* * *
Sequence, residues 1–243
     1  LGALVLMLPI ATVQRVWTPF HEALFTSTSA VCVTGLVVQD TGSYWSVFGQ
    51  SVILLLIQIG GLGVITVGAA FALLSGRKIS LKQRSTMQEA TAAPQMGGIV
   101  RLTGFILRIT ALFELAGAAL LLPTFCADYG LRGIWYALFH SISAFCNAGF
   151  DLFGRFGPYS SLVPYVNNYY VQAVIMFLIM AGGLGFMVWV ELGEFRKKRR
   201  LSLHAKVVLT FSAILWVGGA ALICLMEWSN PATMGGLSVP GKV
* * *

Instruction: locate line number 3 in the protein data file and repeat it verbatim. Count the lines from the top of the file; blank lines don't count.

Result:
    51  SVILLLIQIG GLGVITVGAA FALLSGRKIS LKQRSTMQEA TAAPQMGGIV